In Original ‘Black Panther 2’ Script, Chadwick Boseman’s T’Challa Grieved ‘the Loss of Time’ After the Blip

Ryan Coogler revealed the plans for the story had Boseman not died from colon cancer in an interview with Inverse

Chadwick Boseman and Michael B. Jordan in "Black Panther" (Marvel Studios)

Ryan Coogler’s original “Black Panther: Wakanda Forever” script still contained grief. But instead of the grief of losing King T’Challa entirely with the too-early death of actor Chadwick Boseman, it centered on T’Challa’s loss of time in the five-year blip.

“The tonal shift, I will say, was less of a shift than in [casting],” Coogler said in an interview with Inverse.

T’Challa vanished during “The Blip” brought upon half the world’s population by Thanos, and had Bosman been alive to reprise his role as the Black Panther, Coogler envisioned the King of Wakanda grasping to return to normal after his absence during “The Blip.”

“The tone was going to be similar,” Coogler said. “The character was going to be grieving the loss of time, you know, coming back after being gone for five years. As a man with so much responsibility to so many, coming back after a forced five years absence, that’s what the film was tackling. He was grieving time he couldn’t get back. Grief was a big part of it.”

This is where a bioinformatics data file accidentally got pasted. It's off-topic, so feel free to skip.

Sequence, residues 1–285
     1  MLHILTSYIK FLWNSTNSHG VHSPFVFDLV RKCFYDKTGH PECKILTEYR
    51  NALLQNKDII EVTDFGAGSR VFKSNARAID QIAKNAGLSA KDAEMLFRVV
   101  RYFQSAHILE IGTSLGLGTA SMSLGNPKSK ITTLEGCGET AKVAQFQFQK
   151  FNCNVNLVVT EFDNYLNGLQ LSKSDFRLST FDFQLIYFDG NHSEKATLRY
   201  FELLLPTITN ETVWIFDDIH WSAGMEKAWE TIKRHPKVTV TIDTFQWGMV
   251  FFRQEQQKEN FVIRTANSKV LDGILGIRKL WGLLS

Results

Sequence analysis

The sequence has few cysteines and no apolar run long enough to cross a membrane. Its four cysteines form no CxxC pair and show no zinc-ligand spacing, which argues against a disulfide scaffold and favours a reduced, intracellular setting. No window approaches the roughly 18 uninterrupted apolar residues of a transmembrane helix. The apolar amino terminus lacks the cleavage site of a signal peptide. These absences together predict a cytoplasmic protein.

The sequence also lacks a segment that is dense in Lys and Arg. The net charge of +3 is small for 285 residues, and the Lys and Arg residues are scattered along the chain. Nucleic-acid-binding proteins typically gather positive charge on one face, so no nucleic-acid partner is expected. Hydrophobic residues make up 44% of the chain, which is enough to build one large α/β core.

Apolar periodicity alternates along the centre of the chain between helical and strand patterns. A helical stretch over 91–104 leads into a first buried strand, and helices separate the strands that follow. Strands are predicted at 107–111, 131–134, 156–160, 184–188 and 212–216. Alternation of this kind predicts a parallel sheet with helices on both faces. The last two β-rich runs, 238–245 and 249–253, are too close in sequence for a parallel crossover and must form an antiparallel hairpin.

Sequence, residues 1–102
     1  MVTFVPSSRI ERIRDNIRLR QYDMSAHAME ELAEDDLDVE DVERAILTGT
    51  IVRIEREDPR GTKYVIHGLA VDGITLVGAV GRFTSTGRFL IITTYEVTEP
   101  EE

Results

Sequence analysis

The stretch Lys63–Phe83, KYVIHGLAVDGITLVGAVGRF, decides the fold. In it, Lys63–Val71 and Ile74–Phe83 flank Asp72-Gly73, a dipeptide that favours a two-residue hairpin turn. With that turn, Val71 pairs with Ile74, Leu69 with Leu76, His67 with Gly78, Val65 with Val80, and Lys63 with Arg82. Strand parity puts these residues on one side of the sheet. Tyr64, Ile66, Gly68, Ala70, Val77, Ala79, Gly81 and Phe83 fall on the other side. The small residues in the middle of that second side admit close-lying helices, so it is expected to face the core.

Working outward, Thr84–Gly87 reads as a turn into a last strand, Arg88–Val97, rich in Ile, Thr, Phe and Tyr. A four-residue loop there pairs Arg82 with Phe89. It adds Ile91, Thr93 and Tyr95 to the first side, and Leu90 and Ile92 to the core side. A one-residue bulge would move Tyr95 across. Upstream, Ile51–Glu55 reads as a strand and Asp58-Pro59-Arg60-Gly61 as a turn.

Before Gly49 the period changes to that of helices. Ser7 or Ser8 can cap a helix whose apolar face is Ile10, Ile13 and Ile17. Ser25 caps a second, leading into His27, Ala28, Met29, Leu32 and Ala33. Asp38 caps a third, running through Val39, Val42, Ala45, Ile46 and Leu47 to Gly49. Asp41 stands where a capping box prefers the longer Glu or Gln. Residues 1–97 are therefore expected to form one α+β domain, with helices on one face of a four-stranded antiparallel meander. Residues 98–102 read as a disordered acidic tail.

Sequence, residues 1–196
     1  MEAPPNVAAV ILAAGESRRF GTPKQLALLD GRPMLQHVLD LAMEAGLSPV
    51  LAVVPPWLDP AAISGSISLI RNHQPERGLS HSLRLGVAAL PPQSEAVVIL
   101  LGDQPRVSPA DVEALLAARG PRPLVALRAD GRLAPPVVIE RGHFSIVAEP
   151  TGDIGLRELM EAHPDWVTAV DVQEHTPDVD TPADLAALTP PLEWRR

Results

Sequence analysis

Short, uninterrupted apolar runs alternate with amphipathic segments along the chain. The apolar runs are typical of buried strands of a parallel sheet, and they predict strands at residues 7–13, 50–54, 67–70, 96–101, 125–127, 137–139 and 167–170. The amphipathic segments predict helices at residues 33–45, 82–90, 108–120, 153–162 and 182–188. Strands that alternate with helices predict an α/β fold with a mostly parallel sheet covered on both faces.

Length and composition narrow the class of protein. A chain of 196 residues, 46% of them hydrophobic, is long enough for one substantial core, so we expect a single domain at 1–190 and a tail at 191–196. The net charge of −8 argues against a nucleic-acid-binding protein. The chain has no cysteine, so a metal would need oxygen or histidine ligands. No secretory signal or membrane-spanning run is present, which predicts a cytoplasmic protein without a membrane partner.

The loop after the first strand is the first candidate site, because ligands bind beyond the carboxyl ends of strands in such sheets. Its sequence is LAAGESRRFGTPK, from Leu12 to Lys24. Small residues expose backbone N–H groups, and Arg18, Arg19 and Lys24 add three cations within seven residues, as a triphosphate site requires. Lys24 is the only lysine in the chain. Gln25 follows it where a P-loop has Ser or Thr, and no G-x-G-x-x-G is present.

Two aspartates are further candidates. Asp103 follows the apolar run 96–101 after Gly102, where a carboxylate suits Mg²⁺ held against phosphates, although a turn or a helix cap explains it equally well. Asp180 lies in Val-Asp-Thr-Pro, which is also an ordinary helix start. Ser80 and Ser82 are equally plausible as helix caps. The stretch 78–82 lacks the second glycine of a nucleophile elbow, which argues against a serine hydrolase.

“Black Panther: Wakanda Forever” received a rewrite following Boseman’s death — after which Feige stated there would be no recasting of the character since it was much too soon. Coogler worked with co-writer Joe Robert Cole to rework the plot and protagonist. Namor the Sub-mariner (Tenoch Huerta) remained the antagonist.

“There were other characters, for sure, that we considered including,” Coogler said. “Namor was always there.”

The film’s final version begins with the onscreen death of T’Challa, reflecting Bosman’s passing, which leads the Kingdom of Wakanda — including T’Challa’s mother Queen Ramonda (Angela Bassett) and his smart scientist sister Shuri (Letitia Wright) — to stick to the mission of protecting the secluded nation’s invaluable supply of vibranium from external threats.

Enter Namor, who emerges from the depths in the sequel film, which finds Wakanda in a war with Namor’s underwater kingdom Talokan. “Wakanda Forever” seeks a new Black Panther to wear the mantle while simultaneously paying homage to the legacy Boseman left behind. 

“Who the protagonist was, the flaws of the protagonist, what the protagonist was dealing with in their journey,” Coogler said. “All of that stuff had to be different due to us losing him and the decisions that we made about moving forward.”

“Black Panther: Wakanda Forever” opens in theaters November 11.